Quit for Good

If you read the 2020 Surgeon General’s Report on Smoking Cessation, you’ll learn approximately 34,200,000 Americans smoke and about 22,700,000 try to quit each year.

You might not be able to change the lives of 23 million people, but if you read this much shorter report, you’ll learn how you might improve the life of at least one of your patients.

Proper medications and counseling support are two major factors playing into a patient’s smoking cessation success. As a community pharmacist, you’re in a perfect position to deliver both while getting reimbursed—as about 26% of your fellow independent practitioners currently do, according to the National Community Pharmacists Association Digest.

It’s not that complicated to start a program. Follow these five steps to help your patients—and your profits.

Pick your patients

Start by identifying patients who would benefit from your program and who already use your pharmacy. Pay special attention to patients who are picking up prescriptions or items that might relate to a smoking-related illness. Chat with them about the dangers of smoking and the benefits they’ll experience by quitting. Then, tell them about your program and ask to send them relevant information, using bag stuffers, counter cards, and emails.

The evidence is clear—it doesn’t matter how old they are or how long they’ve been smoking—kicking the habit will almost immediately improve their health.

Follow best practices

A “belt-and-suspenders” attitude works best. For example, research shows that using a combination of nicotine replacement therapies produces the best results, specifically cessation medication and behavioral counseling.

Using more than one medication can also help your patients. A patch will deliver a steady stream of nicotine while gum or lozenges act much faster. Used together, they will reduce cravings and withdrawal symptoms throughout the day.

According to the Centers for Disease Control and Prevention, one non-nicotine medication is especially effective. Varenicline (brand name is Chantix) provides the strongest chance of successful cessation of any medication by targeting the same parts of the brain stimulated by smoking, effectively blocking nicotine receptors.

Tell your patients to spend their money on tried-and-true medications approved by the Food and Drug Administration and to avoid any quack remedies or flimflam scams.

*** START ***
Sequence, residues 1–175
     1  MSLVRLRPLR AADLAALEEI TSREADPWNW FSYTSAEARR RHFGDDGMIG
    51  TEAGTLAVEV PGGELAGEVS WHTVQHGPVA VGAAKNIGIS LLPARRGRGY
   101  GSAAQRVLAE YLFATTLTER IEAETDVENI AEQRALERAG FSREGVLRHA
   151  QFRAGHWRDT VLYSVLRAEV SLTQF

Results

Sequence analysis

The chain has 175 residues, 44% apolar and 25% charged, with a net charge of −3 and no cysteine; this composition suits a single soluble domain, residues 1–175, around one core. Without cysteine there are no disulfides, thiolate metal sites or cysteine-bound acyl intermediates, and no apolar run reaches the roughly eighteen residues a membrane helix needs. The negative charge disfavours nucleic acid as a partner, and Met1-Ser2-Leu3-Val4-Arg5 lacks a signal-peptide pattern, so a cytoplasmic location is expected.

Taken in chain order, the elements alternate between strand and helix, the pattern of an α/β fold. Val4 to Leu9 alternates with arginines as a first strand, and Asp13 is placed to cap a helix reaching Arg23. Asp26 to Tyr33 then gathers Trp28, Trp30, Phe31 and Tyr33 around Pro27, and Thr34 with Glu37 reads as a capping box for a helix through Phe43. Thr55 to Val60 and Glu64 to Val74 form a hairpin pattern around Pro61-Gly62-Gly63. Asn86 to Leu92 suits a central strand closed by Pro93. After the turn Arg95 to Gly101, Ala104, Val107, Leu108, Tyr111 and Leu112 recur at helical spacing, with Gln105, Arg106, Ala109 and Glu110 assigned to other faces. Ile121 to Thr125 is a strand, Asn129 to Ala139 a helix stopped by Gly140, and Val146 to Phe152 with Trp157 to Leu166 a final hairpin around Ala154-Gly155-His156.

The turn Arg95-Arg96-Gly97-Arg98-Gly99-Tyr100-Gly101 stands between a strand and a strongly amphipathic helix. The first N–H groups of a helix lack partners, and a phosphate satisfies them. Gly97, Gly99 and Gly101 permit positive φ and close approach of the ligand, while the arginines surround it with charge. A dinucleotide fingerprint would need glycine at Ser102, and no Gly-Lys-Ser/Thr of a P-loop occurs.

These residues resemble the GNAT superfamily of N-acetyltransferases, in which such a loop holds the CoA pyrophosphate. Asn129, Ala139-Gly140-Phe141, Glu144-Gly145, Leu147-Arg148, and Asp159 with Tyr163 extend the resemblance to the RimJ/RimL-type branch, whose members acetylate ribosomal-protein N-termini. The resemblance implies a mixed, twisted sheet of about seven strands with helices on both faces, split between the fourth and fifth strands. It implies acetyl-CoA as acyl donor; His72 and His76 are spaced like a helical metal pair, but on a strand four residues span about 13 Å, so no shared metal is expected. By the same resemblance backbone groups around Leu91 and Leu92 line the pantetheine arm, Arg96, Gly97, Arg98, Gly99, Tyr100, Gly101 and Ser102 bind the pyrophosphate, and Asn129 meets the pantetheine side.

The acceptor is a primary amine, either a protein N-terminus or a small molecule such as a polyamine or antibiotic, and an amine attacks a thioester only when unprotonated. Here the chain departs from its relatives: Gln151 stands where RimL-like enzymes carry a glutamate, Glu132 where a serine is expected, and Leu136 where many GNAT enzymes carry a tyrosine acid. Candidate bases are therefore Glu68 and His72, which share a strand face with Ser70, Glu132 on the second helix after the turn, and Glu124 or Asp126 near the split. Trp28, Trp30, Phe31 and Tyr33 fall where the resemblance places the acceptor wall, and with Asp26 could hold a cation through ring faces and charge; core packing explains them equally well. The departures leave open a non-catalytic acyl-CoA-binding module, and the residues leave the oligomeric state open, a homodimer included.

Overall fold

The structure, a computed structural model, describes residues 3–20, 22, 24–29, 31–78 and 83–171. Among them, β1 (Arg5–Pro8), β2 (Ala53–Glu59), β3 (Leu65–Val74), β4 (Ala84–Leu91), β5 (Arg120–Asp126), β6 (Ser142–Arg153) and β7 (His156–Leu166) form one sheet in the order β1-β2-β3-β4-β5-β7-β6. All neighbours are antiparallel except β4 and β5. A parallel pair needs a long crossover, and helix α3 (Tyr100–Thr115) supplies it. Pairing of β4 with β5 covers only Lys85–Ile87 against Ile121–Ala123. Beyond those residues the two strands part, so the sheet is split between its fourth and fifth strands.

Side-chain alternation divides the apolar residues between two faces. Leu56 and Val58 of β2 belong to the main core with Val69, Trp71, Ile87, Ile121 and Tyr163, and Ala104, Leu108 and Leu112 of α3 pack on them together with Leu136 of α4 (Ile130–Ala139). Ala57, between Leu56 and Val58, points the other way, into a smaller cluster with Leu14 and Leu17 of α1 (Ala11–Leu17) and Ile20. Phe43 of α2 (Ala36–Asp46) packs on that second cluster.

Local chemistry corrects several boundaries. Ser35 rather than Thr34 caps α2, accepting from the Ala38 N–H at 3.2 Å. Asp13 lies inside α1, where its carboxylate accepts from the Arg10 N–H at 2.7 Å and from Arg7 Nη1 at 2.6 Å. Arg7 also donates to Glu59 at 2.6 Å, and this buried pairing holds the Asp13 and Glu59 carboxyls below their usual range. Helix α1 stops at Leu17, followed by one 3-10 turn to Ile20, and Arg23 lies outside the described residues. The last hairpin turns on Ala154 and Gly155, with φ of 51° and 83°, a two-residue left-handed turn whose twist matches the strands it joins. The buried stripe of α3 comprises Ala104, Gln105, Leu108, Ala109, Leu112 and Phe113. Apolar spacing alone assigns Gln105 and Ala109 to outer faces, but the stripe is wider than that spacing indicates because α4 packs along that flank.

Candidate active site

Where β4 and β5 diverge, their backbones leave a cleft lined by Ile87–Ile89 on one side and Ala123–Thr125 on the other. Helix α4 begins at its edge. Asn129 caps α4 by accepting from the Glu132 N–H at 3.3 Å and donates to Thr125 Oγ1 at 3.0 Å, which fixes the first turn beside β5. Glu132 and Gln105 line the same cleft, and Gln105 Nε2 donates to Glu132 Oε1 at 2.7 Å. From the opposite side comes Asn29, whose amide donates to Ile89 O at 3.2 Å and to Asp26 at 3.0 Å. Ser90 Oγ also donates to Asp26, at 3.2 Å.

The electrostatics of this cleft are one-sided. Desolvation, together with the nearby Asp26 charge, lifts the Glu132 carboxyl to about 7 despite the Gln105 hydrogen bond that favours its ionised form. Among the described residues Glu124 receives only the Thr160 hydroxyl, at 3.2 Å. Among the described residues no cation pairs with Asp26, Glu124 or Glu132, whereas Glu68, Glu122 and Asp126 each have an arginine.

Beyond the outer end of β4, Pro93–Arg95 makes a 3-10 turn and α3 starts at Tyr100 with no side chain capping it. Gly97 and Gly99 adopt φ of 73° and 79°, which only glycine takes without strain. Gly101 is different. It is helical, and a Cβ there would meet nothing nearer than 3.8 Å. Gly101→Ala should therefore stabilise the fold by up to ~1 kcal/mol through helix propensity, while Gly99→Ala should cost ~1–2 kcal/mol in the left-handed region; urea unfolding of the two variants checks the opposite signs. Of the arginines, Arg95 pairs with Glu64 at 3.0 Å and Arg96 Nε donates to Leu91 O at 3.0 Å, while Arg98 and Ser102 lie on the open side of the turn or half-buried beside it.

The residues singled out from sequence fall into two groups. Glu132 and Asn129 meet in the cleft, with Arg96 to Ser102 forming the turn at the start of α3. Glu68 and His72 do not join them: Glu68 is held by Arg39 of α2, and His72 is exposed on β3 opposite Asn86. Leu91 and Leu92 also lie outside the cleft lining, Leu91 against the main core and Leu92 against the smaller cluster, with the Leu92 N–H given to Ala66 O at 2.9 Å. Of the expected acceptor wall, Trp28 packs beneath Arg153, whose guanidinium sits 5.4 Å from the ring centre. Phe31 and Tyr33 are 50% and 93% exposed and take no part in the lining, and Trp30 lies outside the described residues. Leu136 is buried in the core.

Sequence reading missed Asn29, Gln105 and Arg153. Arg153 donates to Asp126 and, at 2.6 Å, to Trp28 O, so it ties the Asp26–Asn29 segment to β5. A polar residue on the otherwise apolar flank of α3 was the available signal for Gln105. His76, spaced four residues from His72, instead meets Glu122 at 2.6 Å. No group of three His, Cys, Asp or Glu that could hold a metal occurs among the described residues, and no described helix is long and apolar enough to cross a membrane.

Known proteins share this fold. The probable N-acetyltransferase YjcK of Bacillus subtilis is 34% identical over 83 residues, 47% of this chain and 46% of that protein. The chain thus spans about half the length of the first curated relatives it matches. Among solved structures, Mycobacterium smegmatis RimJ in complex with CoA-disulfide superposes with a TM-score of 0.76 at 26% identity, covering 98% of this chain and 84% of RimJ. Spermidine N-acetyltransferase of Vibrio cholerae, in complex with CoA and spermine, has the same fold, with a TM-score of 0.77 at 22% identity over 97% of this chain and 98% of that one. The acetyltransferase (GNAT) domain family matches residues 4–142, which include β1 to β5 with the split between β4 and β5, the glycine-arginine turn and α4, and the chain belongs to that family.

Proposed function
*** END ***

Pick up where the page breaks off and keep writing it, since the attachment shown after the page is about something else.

Gather resources

Most insurance plans cover prescription or OTC meds, sponsor helpful programs, and offer incentives to quit. If your patient is under- or uninsured, check for special programs or discounts sponsored by your county, city, or state. Hospitals, faith-based organizations, and veteran-support groups may also offer free classes and support.

The NCPA and the American Pharmaceutical Association (APhA) are valuable sources for you. You’ll find a variety of materials as well as continuing education workshops and classes focused on treating patients trying to kick their tobacco habit.

Promote your program

You have your pick of free resources to support your new cessation program. Visit cdc.gov to learn about the Tips From Former Smokers® campaign, which offers extensive information as well as free brochures, posters, and videos, ads, and content you can use on your website or social-media channels. The information is available in different languages and is accessible for people with disabilities.

Reach out to area physicians, and don’t forget dentists, nurse practitioners, mental health counselors, and other healthcare professionals.

Provide ongoing support

Tobacco dependence is a chronic, relapsing condition. Act as a coach, assisting with different dosages or medications. Share options for classes, one-on-one counseling, and support groups. If you have multiple patients trying to quit, share their names so they might trade tips (absolutely get their permission first). 1.800.QUIT.NOW is a national portal to a network of state quitlines. Sponsored and funded by both the CDC and the National Cancer Institute, the line has received more than 10 million calls since 2004.

Smoking cessation is a marathon, not a sprint. Perhaps your most important role is to offer your patients encouragement, understanding, and empathy.

Smokers Want to Quit

  • Nearly 70% of adults who smoke say they want to quit.
  • More than 50% of adults who smoke try to quit each year.
  • More than 40% of adults who smoke do not receive advice to quit from a healthcare professional.
  • Fewer than one in three
    adults who smoke use cessation counseling or FDA-approved medication when trying to quit.
  • Fewer than one in 10 adults successfully quit smoking each year.

(2020 Surgeon General’s Report on Smoking Cessation)

Do E-Cigarettes Help?

“It is difficult to make generalizations about efficacy for cessation based on clinical trials involving a particular e-cigarette, and there is presently inadequate evidence to conclude that e-cigarettes, in general, increase smoking cessation.”

(2020 Surgeon General’s Report on Smoking Cessation)

5 Facts About Vaping

  1. Vaping is less harmful than smoking, but
    it’s still not safe.
  2. Research suggests vaping is bad for your heart and lungs.
  3. Electronic cigarettes are just as addictive
    as traditional ones.
  4. Electronic cigarettes aren’t the best
    smoking cessation tool.
  5. A new generation is getting hooked
    on nicotine.

(Source: Johns Hopkins Medicine)

From the Magazine

This article was published in our quarterly print magazine, which covers relevant topics in greater depth featuring leading experts in the industry. Subscribe to receive the quarterly print issue in your mailbox. All registered independent pharmacies in the U.S. are eligible to receive a free subscription.

More articles from the June 2023 issue:

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